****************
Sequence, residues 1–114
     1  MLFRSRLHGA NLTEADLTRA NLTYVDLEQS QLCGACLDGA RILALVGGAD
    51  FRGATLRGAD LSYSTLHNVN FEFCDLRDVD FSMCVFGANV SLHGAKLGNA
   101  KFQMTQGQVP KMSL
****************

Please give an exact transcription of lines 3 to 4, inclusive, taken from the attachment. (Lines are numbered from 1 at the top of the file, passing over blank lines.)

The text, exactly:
    51  FRGATLRGAD LSYSTLHNVN FEFCDLRDVD FSMCVFGANV SLHGAKLGNA
   101  KFQMTQGQVP KMSL